Sunday, January 08, 2006
Well, they lost all their games but put up a good fight. The boys had a great time playing their hardest (most of the time), rolling in the snow, and skating on the Rideau Canal. It finally opened yesterday and it was truly an amazing sight! My husband and I actually walked on the canal as the kids were skating on the same ice. They were able to skate under bridges and along buildings and only when the ice started getting choppy, out of fear of ruining their blades, the kids finally came back. It was about 20 degrees (c) below zero on the canal and even with all the layers of clothing, it was damn cold! There were buildings placed on the canal for skate rentals, changing areas, drinks and food. The only food worth trying on the canal was the "Beaver's Tail." A fried dough with sugar and cinnamon. It was very tasty, if you didn't worry too much about the fact that it was fried. Speaking of clogged arteries, the big food here is Putine. Putine is french fries with beef gravy and cheese curd poured all over it. Believe it or not, it is also very tasty! Why do the best tasting things in life have also be the worst for you? Anyway, any time of day (and I do mean ANY time...like first thing in the morning with coffee) you can see locals eating Putine.
On our last full day, today, we watched the AA Midget championship game. It was a great game that was 0-0 until the 3rd period. The final score was 3-1 including an empty netter with Sherbrooke ultimately winning. The New Brunswick team was also a great team but just weren't as strong. At this level, it seems strength, body weight, height count for as much as, if not more than, skill. The disappointment on their faces as the audio played Queen's "We Are The Champion," and the other team skated in circles holding their trophy proudly, made me (literally) cry. The stands were full of many more people than were obviously parents of the players. This Midget tournament is a huge event that has occurred for the last 41 years. Lots of locals look forward to watching these games, even without family members involved. They have huge banners hanging there commemorating Junior level players who also played at the arena who also made it to the NHL. Luc Robitaille, Jose Theodore, Pat Burns, and Peter Worrell were listed, to name a few.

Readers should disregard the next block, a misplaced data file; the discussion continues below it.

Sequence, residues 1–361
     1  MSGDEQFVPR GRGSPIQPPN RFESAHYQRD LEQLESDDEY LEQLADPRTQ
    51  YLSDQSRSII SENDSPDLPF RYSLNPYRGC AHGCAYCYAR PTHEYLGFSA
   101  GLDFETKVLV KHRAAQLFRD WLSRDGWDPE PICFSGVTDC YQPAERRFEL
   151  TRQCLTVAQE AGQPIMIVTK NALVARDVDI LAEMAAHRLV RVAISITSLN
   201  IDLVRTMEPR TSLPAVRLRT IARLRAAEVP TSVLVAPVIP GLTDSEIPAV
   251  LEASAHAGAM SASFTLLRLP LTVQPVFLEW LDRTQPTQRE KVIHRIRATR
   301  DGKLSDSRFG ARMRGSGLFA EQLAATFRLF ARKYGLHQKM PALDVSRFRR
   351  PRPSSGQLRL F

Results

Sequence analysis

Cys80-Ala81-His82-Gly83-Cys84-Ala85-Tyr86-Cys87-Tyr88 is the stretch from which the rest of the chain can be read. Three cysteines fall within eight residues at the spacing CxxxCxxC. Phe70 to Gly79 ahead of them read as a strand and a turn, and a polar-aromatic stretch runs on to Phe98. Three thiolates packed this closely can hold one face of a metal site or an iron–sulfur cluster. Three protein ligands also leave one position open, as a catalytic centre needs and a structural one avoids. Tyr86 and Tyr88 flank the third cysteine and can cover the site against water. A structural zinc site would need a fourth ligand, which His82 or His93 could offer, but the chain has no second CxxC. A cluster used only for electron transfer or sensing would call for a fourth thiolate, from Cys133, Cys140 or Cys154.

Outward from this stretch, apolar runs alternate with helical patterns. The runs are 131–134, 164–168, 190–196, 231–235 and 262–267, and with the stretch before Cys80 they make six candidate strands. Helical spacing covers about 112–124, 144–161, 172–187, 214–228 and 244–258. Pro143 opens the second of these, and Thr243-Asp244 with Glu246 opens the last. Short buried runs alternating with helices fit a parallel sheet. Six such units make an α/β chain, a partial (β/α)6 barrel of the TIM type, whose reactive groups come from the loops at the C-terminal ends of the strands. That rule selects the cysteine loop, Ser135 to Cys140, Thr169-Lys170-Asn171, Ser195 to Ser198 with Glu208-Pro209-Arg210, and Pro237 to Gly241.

One thing is for sure, Canada takes their hockey VERY seriously.